Local Firms Expand in Response to Bump in M&As
Discussions regarding an improving mergers and acquisitions market have been percolating for some time, but a couple of local firms that perform services related to the buying and selling of companies say they have tangible evidence that the market's picking up steam: They've been hiring.
Jarod Allerheiligen-managing partner of Chicago-headquartered accounting and advisory firm Grant Thornton's Minneapolis office-said that increased demand for the due diligence services his firm performs for M&A deals is causing the company to grow.
The firm recently hired a new transaction advisory services director, and it plans to add three to five new members to its team in the near future.
“And so many deals now have an international component,” including many involving Minnesota companies, Allerheiligen said. So the firm will plant Alan Thometz-a director in the firm's transaction advisory services business-in China next month to spend a year immersed in the growing market.
Allerheiligen said that he doesn't have empirical evidence to suggest that local M&A activity is heating up, but his firm's transaction advisory services division has experienced revenue growth of more than 50 percent over the first few months of last year, as well as a boost in the number of hours spent working on deals-evidence enough for him that the market is improving.
And when visiting with clients and investment bankers, “you just hear of more deals and more brisk activity,” Allerheiligen added.
Monthly data from Milwaukee, Wisconsin-based Robert W. Baird & Company indicates that there were 2,651 U.S. deals during the first three months of 2011, down 6.2 percent from the same period in 2010 but up 11.1 percent from the fourth quarter. Meanwhile, the total dollar value of deals hit $333.1 billion-the highest level since the second quarter of 2007, according to the report. A January report by the Star Tribune indicated that 2010 was the best year nationwide since 1985 for the number of M&As involving companies that received venture capital, and venture capital companies expect higher returns this year.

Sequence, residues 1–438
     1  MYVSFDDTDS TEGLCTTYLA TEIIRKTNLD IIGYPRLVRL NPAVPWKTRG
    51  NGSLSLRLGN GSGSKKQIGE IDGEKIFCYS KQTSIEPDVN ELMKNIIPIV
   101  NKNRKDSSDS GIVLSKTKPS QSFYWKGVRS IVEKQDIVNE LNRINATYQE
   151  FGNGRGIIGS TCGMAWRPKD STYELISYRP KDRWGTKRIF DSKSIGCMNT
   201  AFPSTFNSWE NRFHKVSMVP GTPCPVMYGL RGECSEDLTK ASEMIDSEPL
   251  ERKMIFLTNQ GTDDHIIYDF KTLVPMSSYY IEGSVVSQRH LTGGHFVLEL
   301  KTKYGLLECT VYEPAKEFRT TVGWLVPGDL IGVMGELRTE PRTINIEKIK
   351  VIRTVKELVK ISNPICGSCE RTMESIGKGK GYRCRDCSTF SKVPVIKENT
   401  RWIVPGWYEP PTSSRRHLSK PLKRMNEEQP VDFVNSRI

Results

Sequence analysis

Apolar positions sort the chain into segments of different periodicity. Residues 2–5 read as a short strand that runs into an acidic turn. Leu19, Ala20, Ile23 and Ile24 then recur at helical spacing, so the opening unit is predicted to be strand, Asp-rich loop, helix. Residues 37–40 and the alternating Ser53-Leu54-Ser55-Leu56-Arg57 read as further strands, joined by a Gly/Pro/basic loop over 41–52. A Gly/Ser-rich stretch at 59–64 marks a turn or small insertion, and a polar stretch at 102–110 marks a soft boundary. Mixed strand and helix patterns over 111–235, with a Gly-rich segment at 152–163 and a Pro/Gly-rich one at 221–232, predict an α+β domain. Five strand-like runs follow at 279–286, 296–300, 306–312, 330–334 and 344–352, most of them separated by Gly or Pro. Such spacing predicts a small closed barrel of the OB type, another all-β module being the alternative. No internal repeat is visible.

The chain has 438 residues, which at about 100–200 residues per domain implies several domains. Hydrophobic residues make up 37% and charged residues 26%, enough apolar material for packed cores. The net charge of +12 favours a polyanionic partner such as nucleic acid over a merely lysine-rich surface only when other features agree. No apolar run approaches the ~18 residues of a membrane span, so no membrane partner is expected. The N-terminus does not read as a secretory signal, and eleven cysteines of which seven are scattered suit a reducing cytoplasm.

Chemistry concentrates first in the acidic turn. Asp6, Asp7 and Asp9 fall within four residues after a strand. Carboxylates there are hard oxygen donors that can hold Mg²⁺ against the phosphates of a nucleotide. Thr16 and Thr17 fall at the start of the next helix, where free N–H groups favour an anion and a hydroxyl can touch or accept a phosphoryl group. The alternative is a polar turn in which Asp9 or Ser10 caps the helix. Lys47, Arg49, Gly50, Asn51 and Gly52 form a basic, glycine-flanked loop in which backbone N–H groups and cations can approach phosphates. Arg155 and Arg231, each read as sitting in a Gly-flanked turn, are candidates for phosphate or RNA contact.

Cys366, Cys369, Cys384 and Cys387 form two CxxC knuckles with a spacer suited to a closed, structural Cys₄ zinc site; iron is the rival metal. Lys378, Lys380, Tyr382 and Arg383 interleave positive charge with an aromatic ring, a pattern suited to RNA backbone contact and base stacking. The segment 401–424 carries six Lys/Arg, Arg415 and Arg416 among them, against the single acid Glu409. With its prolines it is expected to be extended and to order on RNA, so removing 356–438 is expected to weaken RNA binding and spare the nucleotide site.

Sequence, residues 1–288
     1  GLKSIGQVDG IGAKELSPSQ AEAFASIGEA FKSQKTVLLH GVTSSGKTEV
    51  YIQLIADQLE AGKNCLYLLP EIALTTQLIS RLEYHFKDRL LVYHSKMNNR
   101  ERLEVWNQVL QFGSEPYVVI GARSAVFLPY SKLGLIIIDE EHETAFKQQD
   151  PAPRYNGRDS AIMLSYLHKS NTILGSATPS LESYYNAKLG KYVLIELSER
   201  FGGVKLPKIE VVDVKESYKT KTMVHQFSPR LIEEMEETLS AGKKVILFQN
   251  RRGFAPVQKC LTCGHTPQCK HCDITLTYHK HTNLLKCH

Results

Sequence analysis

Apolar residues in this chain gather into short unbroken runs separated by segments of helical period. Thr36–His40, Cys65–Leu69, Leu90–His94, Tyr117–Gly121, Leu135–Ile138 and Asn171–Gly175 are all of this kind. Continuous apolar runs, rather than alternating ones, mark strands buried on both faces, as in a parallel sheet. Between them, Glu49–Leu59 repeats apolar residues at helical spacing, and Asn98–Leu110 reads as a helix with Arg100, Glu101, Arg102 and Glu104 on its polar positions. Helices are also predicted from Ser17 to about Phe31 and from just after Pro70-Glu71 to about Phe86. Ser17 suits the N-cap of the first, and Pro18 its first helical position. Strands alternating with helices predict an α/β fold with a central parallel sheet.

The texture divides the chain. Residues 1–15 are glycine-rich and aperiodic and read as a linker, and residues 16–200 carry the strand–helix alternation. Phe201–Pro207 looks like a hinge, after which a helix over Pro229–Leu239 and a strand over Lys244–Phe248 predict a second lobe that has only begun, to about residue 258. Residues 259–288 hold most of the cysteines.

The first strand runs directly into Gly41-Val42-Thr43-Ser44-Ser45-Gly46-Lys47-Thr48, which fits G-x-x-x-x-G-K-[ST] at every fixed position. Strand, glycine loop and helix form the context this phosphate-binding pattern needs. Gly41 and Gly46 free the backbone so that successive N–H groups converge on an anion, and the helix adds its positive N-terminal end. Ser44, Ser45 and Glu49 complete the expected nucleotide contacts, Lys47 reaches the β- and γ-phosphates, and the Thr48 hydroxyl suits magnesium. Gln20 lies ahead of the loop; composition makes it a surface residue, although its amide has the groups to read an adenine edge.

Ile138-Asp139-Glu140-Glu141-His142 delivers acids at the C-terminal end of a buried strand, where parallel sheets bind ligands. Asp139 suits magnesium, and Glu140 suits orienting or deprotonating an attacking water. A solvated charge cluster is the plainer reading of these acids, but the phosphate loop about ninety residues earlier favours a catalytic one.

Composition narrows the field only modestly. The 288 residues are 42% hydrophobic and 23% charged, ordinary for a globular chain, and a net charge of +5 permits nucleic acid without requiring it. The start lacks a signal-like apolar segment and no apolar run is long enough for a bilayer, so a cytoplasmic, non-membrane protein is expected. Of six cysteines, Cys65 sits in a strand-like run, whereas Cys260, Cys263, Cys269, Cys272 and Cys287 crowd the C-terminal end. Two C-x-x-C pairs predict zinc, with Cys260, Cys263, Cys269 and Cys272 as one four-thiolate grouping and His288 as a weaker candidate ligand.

Justin B. Besikof, president of Minneapolis-based Lurie Besikof Lapidus Private Investment Banking, LLC, said that his firm hasn't added staff to accommodate new demand, but “activity from buyers is very strong.” Besikof, whose firm offers M&A advisory services, also said that the number of bids on each deal is on the rise.
Bruce Engler, a partner at Faegre & Benson, LLP, who leads the Minneapolis-based law firm's mergers and acquisitions practice, said that most quarterly data regarding M&A activity is retroactive-and unlike earning forecasts or other published outlooks, the industry doesn't really have a reliable projection. “When you talk about the future, it's very subjective and anecdotal,” he said.
But conversations with investment bankers and others immersed in the world of M&As have led Engler to believe that while activity during the first quarter was relatively steady, most experts are “very optimistic about the rest of the year.”
Engler said that his firm is anticipating an uptick in deals and recently hired several M&A lawyers with the intention of adding a handful more during the course of this year to keep up with demand.
“The economy is on the mend, and fear of a double-dip recession has receded,” Engler asserted. “And there's a lot of private equity and strategic money out there that will drive deals.”